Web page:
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Chemists ID possible addiction-free pain reliever

May 16, 2019 |

Ken Hsu, a chemistry professor at the University of Virginia, and his graduate student, Myungsun Shin, has identified an enzyme that "chews up fat" molecules to produce chemical signals that control inflammation. The naturally occurring enzyme, called diacylglycerol lipase-beta, or DAGL-beta, is a possible new drug target for reducing pain. Hsu developed, during his postdoctoral training, selective molecules that inhibit DAGL-beta and reduce inflammation, similarly to aspirin and other non-steroidal anti-inflammatory drugs, or NSAIDS. However, unlike NSAIDs, DAGL-beta inhibitors can provide pain relief without gastrointestinal toxicity in preclinical models when used over a long term. And unlike opioids, DAGL-beta inhibitors do not exhibit addictive properties.

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Opioid crisis burning out doctors, study finds

May 6, 2019 | Medical Xpress

As the opioid crisis take a deadly toll in human lives, the complex needs of patients in chronic pain are also leaving their doctors increasingly exhausted and overwhelmed, a new Western-led study says. In their detailed interviews and clinic observations, researchers found many primary-care physicians are close to burnout in caring for patients in pain. "You are in between a rock and a hard place with this stuff," one doctor said in describing the quandary of prescribing opioids appropriately. "You are a compassionate individual who doesn't want to leave your patients in pain (but) you're also aware that if you continue down this road you run the risk of killing your patient. What an awful dilemma to be in." Other doctors said the crisis is teaching them to be suspicious of patients seeking opioids – leading some to perceive their pain-relief-seeking patients as either addicts or potential addicts.

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Opioid executive John Kapoor found guilty in landmark bribery case

May 2, 2019 | NPR News

A jury in Boston has found one-time billionaire and drug company executive John Kapoor and his four co-defendants guilty of a racketeering conspiracy. The verdict came Wednesday after 15 days of deliberation. The federal government accused Kapoor, the founder of Insys Therapeutics, and his co-defendants of running a nationwide bribery scheme. Between 2012 and 2015, Insys allegedly paid doctors to prescribe their potent opioid medication and then lied to insurance companies to ensure the expensive fentanyl-based painkiller was covered. Kapoor is among the highest-ranking pharmaceutical executives to face trial amid a national opioid epidemic. By pursuing this case, the federal government was seen as sending a message that it is holding drug companies accountable for their role in the epidemic.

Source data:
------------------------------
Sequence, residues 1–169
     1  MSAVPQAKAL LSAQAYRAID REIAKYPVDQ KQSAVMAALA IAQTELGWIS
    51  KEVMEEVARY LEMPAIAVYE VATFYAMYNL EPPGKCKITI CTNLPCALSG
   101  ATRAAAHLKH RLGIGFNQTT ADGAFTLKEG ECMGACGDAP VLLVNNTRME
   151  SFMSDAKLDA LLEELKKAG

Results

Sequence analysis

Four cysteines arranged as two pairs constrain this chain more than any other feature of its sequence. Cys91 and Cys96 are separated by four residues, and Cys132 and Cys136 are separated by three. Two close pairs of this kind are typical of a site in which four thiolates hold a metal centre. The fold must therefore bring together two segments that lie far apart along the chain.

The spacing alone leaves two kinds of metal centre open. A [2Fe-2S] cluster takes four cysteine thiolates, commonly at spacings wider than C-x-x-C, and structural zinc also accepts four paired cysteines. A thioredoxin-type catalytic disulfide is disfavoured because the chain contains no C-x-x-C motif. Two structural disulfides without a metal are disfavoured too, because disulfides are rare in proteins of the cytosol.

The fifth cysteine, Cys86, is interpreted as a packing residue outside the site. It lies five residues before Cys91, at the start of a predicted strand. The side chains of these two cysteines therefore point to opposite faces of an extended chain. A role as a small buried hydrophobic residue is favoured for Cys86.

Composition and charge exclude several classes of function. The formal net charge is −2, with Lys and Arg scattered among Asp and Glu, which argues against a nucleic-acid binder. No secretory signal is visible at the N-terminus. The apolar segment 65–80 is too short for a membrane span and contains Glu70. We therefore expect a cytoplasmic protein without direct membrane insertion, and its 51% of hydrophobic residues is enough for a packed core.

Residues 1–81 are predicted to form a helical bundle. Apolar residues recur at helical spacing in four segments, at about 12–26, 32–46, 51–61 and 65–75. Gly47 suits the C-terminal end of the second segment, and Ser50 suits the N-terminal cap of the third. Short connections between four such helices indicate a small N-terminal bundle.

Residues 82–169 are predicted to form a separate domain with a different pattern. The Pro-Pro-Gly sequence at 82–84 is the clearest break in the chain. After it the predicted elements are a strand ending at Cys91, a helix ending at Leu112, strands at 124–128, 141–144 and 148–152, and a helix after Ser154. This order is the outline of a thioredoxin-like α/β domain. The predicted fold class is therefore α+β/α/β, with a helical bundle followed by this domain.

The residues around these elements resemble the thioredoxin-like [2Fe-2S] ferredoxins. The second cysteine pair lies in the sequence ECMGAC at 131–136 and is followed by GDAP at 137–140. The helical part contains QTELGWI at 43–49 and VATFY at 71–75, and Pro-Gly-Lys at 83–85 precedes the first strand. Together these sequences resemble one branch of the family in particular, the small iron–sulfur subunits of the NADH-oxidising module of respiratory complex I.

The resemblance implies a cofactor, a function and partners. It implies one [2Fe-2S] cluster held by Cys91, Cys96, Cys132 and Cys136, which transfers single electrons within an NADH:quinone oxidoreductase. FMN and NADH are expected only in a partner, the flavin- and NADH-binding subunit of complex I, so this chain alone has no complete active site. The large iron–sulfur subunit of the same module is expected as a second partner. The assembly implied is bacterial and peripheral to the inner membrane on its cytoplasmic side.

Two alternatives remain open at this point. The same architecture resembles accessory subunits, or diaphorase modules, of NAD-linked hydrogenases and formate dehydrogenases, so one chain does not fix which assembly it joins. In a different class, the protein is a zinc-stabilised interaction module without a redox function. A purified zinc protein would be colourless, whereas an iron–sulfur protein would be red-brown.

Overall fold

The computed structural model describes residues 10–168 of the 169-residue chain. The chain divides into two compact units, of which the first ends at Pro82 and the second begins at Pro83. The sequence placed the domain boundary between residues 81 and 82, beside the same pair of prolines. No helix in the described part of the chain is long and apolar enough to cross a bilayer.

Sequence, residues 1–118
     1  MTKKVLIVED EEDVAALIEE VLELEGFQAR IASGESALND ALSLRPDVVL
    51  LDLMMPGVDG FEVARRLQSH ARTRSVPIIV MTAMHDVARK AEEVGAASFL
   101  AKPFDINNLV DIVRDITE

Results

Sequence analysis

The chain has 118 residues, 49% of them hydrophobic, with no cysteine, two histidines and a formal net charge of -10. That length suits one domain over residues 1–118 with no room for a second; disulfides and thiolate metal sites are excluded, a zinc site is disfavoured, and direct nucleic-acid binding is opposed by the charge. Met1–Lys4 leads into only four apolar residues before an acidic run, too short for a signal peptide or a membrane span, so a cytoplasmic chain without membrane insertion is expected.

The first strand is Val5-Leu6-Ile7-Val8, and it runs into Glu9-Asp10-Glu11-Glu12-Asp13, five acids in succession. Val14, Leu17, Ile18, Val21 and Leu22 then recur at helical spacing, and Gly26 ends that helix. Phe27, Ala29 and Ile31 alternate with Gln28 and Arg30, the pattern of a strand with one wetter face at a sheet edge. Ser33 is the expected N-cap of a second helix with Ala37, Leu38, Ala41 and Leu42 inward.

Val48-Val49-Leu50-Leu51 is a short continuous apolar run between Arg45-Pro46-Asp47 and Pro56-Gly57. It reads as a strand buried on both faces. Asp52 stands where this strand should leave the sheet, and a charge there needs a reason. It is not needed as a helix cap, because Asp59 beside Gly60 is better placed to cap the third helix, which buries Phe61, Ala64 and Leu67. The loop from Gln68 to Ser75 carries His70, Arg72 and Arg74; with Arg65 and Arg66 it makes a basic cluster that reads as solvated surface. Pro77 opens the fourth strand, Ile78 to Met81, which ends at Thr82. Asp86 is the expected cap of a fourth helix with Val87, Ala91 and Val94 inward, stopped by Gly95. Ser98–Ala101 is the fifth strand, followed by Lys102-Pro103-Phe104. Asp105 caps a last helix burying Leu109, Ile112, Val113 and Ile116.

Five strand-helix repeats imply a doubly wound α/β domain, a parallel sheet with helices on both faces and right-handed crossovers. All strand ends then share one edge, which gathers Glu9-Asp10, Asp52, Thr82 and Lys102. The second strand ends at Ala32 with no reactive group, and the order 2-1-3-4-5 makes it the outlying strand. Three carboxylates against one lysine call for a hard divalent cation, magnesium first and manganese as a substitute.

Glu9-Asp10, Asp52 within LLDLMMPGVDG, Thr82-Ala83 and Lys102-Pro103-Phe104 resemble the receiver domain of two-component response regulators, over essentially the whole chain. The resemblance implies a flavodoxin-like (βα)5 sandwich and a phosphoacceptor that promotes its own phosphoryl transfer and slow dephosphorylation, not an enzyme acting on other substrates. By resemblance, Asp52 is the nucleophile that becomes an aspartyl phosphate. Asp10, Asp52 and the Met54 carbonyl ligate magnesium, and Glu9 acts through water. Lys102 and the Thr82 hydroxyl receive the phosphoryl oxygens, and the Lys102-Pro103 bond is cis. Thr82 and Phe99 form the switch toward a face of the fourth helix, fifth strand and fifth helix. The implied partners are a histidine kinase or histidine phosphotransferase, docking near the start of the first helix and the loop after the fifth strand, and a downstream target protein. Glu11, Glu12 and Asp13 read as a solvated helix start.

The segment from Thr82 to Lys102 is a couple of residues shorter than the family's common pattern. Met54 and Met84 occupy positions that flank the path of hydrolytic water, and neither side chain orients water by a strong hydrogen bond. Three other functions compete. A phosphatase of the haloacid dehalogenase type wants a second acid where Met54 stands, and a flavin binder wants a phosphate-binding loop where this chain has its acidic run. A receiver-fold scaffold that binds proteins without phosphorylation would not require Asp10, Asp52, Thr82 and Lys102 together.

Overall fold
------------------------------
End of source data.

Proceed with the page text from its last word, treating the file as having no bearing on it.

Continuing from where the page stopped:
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Nearly 60 Doctors, Other Medical Workers Charged In Federal Opioid Sting

April 17, 2019 | NPR News

Federal prosecutors are charging 60 doctors, pharmacists, medical professionals and others in connection with alleged opioid pushing and health care fraud, the Justice Department said Wednesday. The charges came less than four months after the Justice Department dispatched experienced fraud prosecutors across hard-hit regions in Appalachia. The cases involve more than 350,000 prescriptions for controlled substances and more than 32 million pills — the equivalent of a dose of opioids for "every man, woman and child," across Ohio, Kentucky, Tennessee, Alabama and West Virginia, said Assistant Attorney General Brian Benczkowski. America's Opioid Epidemic THROUGHLINE America's Opioid Epidemic "You can rest assured, when medical professionals behave like drug dealers, the Department of Justice is going to treat them like drug dealers," added Benczkowski, who runs the DOJ's criminal division. Those charged include 31 doctors, seven pharmacists, eight nurse practitioners and seven other licensed medical professionals, the Justice Department said.

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US warns docs not to abruptly halt opioid pain treatment

April 9, 2019 | ABC News

U.S. health officials Tuesday warned doctors not to abruptly stop prescribing opioid painkillers to patients who are taking them for chronic pain ailments, such as backaches. The Food and Drug Administration said it will add advice to labels on how to taper opioid painkillers, such as OxyContin, Vicodin and dozens of generic pills. Federal and state officials have been fighting a nationwide opioid epidemic, which includes not only legal painkillers, but also illicit drugs like heroin and fentanyl. Fatal overdoses tied to opioids have dragged down U.S. life expectancy and killed more than 400,000 people since 1999, according to government figures. The new label will warn doctors that rapidly discontinuing opioids in patients who are dependent on them can cause withdrawal symptoms including uncontrolled pain, nausea, chills and anxiety. In the worst cases, these problems have been tied to suicide.

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